For decades, there has been discussion about whether chimpanzees Pan troglodytes possess cultural traditions, and whether there are differences between groups in behavioral communicative expressions. In this chapter the authors discuss the process by which environmental influences impinge on a developing individual (enculturation). The authors decided to tackle this topic under the rubric of culture because of recent discussions suggesting that human 'enculturation' creates new cognitive abilities in apes that otherwise would not exist. Results from studies of newborn chimpanzees suggest that environmental influences can differentially affect behavioral organization as early as the first 30 days of life. The authors illuminate some of the variables that underlie enculturation or socialization processes in order to better understand the manner in which behavioral performances are being changed.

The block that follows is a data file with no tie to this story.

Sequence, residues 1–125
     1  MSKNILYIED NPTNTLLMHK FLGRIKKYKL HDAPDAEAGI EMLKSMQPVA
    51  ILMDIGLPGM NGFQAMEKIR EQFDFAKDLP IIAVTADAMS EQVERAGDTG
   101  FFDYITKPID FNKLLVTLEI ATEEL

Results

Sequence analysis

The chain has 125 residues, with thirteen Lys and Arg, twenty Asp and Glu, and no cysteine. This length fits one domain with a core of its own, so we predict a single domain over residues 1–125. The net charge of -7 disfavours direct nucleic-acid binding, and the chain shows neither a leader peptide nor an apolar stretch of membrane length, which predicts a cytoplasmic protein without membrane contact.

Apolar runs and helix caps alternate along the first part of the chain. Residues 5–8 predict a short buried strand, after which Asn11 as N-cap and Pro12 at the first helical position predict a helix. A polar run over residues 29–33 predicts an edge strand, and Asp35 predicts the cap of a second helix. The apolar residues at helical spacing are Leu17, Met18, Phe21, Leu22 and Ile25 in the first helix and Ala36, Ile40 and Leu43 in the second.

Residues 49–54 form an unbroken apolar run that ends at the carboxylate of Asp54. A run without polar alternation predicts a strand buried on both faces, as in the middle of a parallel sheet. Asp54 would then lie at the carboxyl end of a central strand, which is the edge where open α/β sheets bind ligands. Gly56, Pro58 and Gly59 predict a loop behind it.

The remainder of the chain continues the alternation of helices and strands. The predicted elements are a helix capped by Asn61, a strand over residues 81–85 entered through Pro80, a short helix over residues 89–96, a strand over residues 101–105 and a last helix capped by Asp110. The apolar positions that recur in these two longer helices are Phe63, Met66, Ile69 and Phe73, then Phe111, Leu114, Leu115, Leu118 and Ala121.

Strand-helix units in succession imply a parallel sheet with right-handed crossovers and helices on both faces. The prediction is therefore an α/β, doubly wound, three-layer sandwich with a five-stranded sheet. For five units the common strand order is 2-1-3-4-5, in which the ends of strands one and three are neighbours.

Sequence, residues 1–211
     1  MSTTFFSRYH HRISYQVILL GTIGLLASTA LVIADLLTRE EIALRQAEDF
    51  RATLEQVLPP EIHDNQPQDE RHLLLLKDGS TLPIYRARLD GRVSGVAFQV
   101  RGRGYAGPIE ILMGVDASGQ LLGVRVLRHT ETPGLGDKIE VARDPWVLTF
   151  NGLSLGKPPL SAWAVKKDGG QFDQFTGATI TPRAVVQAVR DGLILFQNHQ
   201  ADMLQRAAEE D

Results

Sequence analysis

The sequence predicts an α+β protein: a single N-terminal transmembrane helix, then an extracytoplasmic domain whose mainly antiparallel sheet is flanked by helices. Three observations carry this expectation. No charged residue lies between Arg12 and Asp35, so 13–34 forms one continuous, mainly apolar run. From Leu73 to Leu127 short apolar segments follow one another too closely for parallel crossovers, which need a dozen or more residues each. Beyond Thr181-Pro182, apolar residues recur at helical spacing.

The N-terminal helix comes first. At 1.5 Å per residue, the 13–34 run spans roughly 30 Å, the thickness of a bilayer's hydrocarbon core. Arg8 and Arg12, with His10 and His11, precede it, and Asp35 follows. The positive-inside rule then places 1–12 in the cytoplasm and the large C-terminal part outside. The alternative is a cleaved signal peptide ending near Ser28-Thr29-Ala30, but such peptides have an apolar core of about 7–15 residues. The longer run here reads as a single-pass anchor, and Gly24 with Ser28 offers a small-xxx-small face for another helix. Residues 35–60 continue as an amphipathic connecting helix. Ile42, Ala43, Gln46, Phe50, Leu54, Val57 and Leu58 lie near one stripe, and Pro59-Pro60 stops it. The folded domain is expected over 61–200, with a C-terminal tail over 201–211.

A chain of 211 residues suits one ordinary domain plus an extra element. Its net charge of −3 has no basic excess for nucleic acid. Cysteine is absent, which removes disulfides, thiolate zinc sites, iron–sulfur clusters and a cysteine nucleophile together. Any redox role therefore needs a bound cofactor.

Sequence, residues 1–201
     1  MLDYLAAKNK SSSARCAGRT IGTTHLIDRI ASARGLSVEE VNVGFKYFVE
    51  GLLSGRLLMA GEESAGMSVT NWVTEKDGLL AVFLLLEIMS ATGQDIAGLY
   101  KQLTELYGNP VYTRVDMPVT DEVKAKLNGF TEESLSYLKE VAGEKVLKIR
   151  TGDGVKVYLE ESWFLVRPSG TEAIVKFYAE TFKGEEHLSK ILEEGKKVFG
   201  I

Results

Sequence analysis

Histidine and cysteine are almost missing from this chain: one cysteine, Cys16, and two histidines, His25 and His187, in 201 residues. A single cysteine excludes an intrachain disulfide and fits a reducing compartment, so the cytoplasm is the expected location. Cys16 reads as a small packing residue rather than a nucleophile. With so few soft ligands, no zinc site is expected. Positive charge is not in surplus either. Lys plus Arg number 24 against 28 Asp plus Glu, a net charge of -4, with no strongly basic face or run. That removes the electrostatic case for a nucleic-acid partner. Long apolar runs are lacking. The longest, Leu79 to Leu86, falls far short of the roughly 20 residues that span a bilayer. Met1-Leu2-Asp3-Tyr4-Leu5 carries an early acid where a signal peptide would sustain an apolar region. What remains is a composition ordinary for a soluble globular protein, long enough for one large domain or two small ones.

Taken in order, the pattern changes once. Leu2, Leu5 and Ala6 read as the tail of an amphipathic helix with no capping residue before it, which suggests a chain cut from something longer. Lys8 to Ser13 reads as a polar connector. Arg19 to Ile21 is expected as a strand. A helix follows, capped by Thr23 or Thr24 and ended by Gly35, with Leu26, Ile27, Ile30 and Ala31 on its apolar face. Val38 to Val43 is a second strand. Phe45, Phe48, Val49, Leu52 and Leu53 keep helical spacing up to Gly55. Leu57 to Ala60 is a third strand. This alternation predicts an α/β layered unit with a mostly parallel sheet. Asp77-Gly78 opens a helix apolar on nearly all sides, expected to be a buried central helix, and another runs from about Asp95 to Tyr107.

|Title of host publication||Reaching into thought|
|Subtitle of host publication||The minds of the great apes|
|Editors||Anne E. Russon, Kim A Bard, Sue Taylor Parker|
|Publisher||Cambridge University Press|
|Number of pages||22|
|ISBN (Print)||0 521 64496 8|
|Publication status||Published - 1 Dec 1996|